Landscape Architect Visit: The California Life, Outdoor Living Room Included
When it came time to retire, Steven and Dee Dee Kim knew just what they wanted. They would leave their home in Tiburon, California near San Francisco, and build a traditional house with a swimming pool overlooking a golf course in the Santa Lucia Preserve in Carmel Valley, California. They found a five-acre lot in a stand of old-growth oak trees and assembled their dream team—landscape architect Bernard Trainor, architects Sagan Piechota, and contractors Stocker Allaire—to make it happen.
What they got was something different but even more desirable: a 4,400-square-foot modern house with a guest studio, an outdoor living room, and a glass walkway through the trees—and no one is missing the swimming pool. Principal architect Daniel Piechota walked us through the details:
Photography by Joe Fletcher courtesy of Sagan Piechota Architecture.
Above: An outdoor living room was one of the clients’ first requests; this one with plaster walls and a batu wood deck juts off the main, indoor living room. The daybed is from Danao Living.
Above: The Kims initially wanted the room screened to keep out bugs, but contractor David Stocker knew from experience that moving air does as good a job, so they installed a ceiling fan instead.
Above: Early on, the clients made clear that they liked houses with “long views.” When exploring the project site, Trainor and project architect Cameron Helland identified two main axes around which to arrange the house: the line running through the outdoor living room, shown here, and the axis marked by the entryway stair, shown below.
Above: The view from the outdoor living room toward the golf course.
The clients initially wanted a house in a traditional architectural style, but they also gave the architects clues about how they wanted to live—close to nature, chiefly. “That necessitated a certain amount of glass,” said Piechota, “and a modern style is a better fit for that.”
Above: Trainor had three rows of drought-tolerant Cape rush (Chondropetalum) grass planted in the inner gravel courtyard behind the house.
Above: A verdant meadow beneath the oaks was largely destroyed during construction, and Trainor restored it. “It’s not as simple as putting some seed down,” said Piechota. “He’s a real master at bringing the landscape back to where it used to be.”
Above: A patio with a fire pit overlooks the property. The homeowners first wanted a pool, but decided it would go unused. “It was a really good decision,” said Piechota. “In its absence, Bernard did something that was equally interesting.”
Above: The concrete and steel fire pit is Trainor’s design, and the chairs flanking it are 1966 Lounge Chairs by Richard Schultz.
Though the lot is on a slope, the architects “wrapped the house around the topography of the site instead of cutting into the hill.”
Above: On the far side of the courtyard is a hot tub of Trainor’s design, clad in batu wood. In this shaded spot, Trainor planted giant chain fern (Woodwardia). The door beyond opens into the guest house.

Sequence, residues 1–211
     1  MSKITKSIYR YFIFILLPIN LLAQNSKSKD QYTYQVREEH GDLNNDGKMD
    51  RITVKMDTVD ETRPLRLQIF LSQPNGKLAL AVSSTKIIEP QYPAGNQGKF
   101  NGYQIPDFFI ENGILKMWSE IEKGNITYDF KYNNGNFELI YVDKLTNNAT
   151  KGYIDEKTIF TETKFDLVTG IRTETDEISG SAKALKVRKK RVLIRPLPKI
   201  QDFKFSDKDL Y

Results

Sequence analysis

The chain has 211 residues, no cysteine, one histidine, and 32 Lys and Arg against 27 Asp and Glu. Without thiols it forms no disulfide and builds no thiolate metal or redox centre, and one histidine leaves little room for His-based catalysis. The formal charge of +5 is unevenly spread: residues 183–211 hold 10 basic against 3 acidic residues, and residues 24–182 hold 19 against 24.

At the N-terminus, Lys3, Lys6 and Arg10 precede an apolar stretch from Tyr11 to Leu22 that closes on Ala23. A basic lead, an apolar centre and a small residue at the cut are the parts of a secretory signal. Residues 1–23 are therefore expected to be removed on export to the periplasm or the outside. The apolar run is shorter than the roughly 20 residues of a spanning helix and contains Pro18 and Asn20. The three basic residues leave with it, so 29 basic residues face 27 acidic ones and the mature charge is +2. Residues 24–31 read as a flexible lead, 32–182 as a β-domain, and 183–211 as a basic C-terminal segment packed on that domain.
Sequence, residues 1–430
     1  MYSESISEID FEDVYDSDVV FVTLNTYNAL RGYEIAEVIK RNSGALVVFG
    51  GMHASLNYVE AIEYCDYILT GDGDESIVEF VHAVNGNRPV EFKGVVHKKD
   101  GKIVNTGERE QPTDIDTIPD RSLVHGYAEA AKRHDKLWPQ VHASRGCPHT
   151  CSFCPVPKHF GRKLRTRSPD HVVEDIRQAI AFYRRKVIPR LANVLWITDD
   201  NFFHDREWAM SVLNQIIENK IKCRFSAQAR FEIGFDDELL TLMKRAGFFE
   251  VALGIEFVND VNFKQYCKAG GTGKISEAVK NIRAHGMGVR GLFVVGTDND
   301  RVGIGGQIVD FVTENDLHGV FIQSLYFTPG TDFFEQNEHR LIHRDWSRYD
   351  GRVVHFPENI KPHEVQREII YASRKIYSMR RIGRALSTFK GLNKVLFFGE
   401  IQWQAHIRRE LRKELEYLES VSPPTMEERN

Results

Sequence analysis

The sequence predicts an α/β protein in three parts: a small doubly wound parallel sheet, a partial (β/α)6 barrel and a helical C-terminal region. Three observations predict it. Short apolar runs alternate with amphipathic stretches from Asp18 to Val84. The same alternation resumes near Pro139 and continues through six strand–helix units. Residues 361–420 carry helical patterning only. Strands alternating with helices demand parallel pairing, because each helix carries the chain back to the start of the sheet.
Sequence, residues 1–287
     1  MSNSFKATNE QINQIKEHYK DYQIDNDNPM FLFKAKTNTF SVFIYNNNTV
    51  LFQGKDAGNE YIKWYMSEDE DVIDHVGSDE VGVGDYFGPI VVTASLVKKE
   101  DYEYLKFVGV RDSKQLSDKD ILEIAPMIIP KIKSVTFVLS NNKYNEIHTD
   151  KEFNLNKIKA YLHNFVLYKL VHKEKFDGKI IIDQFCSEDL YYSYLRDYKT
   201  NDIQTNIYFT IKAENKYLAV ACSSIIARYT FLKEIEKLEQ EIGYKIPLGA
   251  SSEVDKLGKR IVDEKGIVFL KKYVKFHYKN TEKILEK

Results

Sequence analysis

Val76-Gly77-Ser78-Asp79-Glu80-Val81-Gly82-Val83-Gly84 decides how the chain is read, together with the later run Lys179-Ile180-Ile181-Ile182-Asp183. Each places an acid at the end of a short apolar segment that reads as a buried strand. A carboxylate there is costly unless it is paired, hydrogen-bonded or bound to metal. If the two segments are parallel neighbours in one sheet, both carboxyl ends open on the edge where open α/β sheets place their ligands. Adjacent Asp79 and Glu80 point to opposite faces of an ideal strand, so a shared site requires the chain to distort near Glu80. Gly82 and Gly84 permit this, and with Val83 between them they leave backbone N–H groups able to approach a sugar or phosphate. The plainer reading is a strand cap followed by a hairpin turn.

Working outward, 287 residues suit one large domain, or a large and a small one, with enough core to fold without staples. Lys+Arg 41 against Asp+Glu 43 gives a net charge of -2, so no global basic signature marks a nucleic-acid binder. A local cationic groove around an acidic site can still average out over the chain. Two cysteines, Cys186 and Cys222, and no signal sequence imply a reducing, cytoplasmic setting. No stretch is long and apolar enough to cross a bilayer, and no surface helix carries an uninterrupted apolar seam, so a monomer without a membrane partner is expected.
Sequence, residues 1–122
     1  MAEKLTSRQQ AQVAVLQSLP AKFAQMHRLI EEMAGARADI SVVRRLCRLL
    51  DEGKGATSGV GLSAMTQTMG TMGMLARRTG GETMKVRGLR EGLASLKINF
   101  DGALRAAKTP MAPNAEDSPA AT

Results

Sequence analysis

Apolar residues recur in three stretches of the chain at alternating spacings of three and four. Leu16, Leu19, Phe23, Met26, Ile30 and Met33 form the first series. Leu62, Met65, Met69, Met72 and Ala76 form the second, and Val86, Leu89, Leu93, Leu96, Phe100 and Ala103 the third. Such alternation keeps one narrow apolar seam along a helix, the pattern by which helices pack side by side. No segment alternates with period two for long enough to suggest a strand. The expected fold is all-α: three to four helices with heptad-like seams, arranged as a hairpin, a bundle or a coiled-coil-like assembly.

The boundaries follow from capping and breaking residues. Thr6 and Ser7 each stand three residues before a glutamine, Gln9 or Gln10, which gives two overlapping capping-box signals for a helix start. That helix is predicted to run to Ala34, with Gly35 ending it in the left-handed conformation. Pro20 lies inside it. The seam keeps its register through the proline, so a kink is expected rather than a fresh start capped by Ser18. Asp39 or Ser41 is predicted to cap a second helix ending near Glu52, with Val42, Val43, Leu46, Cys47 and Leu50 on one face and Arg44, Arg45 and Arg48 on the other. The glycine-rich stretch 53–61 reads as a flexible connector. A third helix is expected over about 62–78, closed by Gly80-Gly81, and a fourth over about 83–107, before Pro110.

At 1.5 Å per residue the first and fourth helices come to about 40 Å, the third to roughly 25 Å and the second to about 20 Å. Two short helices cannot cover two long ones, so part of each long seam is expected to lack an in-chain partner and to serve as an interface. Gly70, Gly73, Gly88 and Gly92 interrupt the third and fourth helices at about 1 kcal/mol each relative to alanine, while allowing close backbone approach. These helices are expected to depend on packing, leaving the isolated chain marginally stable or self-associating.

Above: Trainor filled the courtyard with “Sierra tan” gravel, which has some brown tones but with an overall effect of gray. He chose it to temper the courtyard’s bright daylight sun. Just beyond sits a water feature of Trainor’s design, made of quartzite schist.
Above: The view from the house’s “front door,” which borders the interior courtyard and disappears within a wall of glass.
Piechota and Trainor have worked together many times throughout the last decade and are highly collaborative. “Honestly, I don’t know how to design buildings that don’t relate to the landscape,” said Piechota. “And I appreciate working with someone who’s both in tune with the landscape and respectful of the architecture.”
Above: The Carmel Valley house is a case in point: “The roofs and walls interact in such a way that this house is really a framing device for the landscape,” said Piechota.
Above: An enclosed walkway over the staircase links the master bedroom to the main living space. The interior floors are white oak.
“What this house does best is that it has the feeling of being up in the air—in the trees—and simultaneously grounded on the courtyard side.” Often, said Piechota, a house offers one or the other.
Above: Piechota clad the house in heavily knotted Western red cedar, satisfying his clients’ request for exterior character. (Luckily, the “lower” grade wood fit nicely into the budget.)
A gravel driveway rings the oak grove in front of the house. Here, Trainor chose a lighter, warmer color for the gravel—”California gold”—to brighten the front landscape and reflect back what little light filters through the trees.
Above: A three-tiered deck of batu wood leads to a “dramatic arrival experience” beneath the glass and cedar bridge and up the staircase.
Above: The architects used raw steel throughout the project, intending it to weather over time.
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